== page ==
The first resource category is nuclear.  There is no significant difference in the capacity and power generated between the scenarios.  They all reflect the irrational shutdown of over 2,000 MW at the Indian Point Nuclear Station and continued operation of the remaining nuclear facilities to 2040.  Despite the fact that nuclear is the only dispatchable emissions-free generating resource that can be scaled up neither analysis believes that additional nuclear power generation could be part of New York’s future.

There are interesting differences between the scenarios in the fossil generation resource category.  Resource Outlook Scenario 1 reduces fossil capacity 19% from 2019 to 2030, keeps it the same in 2035, and then goes to zero in 2040.  Resource Outlook Scenario 2 reduces fossil capacity 33% from 2019 to 2030, reduces it another 9% by 2035, and then goes to zero in 2040.  Note that the energy produced is the same for both scenarios in 2030 but in 2025 Scenario 1 is reduced 8% more. So even though there is more fossil capacity in 2035 in Scenario 1 it is used less.  This is problematic for me because it means that the production resource model is treating the fossil resources differently between the scenarios.  It is not clear what would cause this difference.

The Integration Analysis scenario fossil projections raise similar concerns.  Scenario 2, Accelerated Transition from Combustion, capacity and generation is higher in 2030 compared to the other two scenarios but then does show a marked decrease in 2035.  If it is accelerated, why is it higher in 2030?  Integration Analysis Scenarios 2 and 4 are comparable to Resource Outlook Scenario 1 and Integration Analysis Scenario 3 is comparable to Resource Outlook Scenario 2.  I assume that this reflects similar assumptions by the analysts at NYISO and NYSERDA.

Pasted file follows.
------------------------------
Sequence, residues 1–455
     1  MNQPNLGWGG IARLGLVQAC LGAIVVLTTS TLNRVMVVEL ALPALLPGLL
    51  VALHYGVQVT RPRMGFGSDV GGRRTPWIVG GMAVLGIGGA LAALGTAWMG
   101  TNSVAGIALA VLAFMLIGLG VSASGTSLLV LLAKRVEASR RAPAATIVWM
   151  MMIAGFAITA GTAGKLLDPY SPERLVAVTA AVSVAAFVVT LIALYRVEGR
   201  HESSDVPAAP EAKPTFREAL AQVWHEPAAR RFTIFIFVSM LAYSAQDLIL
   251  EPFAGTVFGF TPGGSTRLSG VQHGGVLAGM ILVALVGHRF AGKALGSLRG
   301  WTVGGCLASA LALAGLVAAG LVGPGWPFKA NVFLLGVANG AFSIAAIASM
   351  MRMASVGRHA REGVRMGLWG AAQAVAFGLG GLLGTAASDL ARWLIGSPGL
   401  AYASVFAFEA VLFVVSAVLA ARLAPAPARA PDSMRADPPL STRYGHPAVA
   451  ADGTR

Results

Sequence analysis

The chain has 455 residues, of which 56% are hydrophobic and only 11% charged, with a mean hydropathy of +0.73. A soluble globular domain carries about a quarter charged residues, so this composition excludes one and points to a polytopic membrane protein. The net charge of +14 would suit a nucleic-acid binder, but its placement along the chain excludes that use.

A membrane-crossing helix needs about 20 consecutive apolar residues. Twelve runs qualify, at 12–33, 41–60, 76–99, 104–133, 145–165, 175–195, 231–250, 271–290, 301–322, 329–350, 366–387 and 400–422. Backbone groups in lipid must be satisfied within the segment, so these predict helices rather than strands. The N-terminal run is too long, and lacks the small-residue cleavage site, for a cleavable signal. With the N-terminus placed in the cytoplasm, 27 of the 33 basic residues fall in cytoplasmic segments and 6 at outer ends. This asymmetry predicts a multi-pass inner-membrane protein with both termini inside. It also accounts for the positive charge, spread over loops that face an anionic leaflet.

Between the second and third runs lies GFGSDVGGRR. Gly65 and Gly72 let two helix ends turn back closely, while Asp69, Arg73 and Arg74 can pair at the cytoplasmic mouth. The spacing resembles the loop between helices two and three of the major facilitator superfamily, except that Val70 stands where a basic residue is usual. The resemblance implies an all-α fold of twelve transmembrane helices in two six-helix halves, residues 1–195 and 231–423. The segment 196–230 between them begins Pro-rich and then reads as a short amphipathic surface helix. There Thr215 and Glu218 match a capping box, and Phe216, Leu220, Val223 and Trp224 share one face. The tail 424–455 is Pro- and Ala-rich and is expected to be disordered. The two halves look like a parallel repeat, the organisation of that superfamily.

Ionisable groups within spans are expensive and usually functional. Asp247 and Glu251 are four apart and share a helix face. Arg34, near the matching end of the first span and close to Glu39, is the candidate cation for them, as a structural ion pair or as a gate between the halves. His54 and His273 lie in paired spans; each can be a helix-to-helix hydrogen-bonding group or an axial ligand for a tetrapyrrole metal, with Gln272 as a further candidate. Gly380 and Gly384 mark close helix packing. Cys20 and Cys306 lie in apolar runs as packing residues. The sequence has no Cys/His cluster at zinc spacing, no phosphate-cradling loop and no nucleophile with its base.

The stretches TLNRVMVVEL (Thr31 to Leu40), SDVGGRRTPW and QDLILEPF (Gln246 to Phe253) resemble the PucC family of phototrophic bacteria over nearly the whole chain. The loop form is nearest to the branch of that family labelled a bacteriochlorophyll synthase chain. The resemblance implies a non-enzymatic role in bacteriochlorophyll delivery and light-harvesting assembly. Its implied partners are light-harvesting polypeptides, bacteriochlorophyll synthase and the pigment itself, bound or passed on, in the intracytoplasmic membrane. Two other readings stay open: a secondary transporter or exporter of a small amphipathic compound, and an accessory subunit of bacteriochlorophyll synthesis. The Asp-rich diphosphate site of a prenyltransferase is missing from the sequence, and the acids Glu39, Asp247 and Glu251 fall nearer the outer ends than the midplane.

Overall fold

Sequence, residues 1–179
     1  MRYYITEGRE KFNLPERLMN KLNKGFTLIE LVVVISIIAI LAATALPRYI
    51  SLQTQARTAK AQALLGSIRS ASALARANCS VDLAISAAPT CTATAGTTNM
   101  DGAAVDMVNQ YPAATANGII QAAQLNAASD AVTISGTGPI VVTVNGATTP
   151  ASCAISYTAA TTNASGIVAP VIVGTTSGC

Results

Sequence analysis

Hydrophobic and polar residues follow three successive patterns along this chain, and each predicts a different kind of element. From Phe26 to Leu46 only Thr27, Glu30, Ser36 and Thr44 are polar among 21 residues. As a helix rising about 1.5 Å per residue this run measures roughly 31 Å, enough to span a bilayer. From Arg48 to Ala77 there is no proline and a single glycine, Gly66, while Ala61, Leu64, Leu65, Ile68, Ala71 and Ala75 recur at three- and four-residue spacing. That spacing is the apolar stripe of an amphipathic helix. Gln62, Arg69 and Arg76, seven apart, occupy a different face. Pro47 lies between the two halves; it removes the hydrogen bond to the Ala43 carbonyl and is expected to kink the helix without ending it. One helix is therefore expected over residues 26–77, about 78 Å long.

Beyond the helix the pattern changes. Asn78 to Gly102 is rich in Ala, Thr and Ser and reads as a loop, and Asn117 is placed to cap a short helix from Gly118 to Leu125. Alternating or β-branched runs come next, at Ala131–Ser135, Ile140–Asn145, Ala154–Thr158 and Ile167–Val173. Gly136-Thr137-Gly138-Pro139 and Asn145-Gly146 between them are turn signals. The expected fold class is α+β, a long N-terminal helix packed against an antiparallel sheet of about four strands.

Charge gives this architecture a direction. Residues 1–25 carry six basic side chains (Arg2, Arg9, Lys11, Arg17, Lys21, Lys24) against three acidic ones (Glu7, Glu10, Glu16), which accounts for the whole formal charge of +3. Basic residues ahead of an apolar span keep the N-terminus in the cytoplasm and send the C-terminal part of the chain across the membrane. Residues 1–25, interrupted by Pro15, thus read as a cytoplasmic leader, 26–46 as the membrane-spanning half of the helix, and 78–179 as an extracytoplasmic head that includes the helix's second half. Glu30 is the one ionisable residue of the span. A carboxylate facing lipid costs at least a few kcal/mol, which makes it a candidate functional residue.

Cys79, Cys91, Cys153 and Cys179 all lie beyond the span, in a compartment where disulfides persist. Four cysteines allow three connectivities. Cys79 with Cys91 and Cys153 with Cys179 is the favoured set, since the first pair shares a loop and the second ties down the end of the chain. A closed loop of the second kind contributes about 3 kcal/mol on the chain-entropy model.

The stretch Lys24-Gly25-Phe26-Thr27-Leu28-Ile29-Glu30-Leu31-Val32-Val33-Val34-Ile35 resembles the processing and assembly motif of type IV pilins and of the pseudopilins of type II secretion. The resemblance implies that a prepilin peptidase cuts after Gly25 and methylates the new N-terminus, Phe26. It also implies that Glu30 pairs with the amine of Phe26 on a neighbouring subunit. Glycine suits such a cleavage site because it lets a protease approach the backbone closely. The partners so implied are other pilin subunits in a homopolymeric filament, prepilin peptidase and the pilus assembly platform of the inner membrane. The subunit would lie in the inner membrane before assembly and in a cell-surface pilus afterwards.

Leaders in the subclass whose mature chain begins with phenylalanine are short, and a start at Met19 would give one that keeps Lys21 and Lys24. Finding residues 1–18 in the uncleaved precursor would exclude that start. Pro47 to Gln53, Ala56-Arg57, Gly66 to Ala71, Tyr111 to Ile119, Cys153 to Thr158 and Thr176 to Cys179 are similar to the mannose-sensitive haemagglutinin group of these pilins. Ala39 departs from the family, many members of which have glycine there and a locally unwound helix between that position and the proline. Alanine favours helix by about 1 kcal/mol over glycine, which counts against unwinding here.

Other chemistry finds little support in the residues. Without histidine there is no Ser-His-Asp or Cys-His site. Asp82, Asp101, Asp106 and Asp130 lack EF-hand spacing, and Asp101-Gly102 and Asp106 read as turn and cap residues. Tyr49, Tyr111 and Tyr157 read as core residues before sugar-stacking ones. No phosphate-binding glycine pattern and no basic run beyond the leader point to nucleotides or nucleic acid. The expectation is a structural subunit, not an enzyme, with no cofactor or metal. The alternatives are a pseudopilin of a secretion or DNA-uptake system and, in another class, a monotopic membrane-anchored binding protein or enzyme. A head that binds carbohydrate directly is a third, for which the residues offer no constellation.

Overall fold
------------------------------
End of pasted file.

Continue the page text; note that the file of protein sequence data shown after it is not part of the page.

All the Hydro category scenarios show an increase in capacity between 2019 and 2030.  I assume that a large part of that is due to the Clean Path New York (CPNY) and Champlain Hudson Power Express projects. 

The remaining categories are the key parts of the transition.

The land-based wind (LBW) resource category is the first where there are significant differences between the Resource Outlook and the Integration Analysis scenarios.  Resource Outlook Scenario 1 increases LBW capacity 3.1 times whereas Scenario 2 only doubles the amount in 2030.  Integration Analysis Scenario 2 also doubles capacity by 2030, Scenario 3 goes up 2.7 times, and Scenario 4 goes up 2.4 times.  The differences between scenarios disappear by 2035 but the Resource Outlook projects land-based wind capacity will be 53% higher than the mitigation scenarios in the Integration analysis with 42% more generation.

The NYISO production resource model apparently does not think that offshore wind is a cost-effective option because both scenarios do not increase the projected capacity significantly beyond the Climate Act mandate of 9,000 MW.  On the other hand, the Integration Analysis scenarios nearly double the amount of offshore wind resources projected.   Overall, the Resource Outlook offshore wind capacity is 40% lower than the average of the Integration Analysis scenarios and generation is 43% lower. 

For the solar resource there is a significant difference between Resource Outlook Scenario 1 and all the other scenarios.  The capacity is 63% lower and the generation is 71% lower than the averages of the other scenarios.  In 2040 the capacity factor for the projected resource capacity and expected generation is a reasonable 15% for Resource Outlook Scenario 1 whereas Resource Outlook Scenario 2 is 17% but 21% for the Integration Analysis scenarios.  In my opinion I question why there is a difference for the Resource outlook scenarios. I don’t think that the Integration Analysis expectation that the solar capacity factor can bas high as 21% in 2040 is reasonable for New York’s latitude and snowfalls.